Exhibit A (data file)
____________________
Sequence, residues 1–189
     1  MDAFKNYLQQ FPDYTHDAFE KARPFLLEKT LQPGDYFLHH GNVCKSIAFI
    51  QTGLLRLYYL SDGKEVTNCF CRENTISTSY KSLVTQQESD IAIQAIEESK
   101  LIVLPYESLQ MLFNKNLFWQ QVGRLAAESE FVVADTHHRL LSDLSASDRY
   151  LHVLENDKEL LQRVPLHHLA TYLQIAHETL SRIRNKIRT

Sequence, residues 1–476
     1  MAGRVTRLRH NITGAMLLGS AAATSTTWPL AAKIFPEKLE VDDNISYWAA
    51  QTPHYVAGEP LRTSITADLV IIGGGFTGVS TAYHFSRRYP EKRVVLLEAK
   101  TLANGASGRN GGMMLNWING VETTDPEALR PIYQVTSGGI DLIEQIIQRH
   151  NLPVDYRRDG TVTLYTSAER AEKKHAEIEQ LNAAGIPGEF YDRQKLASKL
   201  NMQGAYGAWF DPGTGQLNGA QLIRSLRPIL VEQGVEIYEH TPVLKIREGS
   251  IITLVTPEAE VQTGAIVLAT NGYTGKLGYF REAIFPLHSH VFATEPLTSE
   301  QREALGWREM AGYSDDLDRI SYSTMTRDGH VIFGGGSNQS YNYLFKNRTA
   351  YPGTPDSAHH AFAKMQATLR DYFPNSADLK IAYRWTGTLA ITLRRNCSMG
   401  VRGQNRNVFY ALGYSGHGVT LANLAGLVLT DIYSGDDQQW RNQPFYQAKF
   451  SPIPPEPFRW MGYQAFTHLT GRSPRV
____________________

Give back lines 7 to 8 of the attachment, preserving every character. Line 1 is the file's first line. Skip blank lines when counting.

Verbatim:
     1  MAGRVTRLRH NITGAMLLGS AAATSTTWPL AAKIFPEKLE VDDNISYWAA
    51  QTPHYVAGEP LRTSITADLV IIGGGFTGVS TAYHFSRRYP EKRVVLLEAK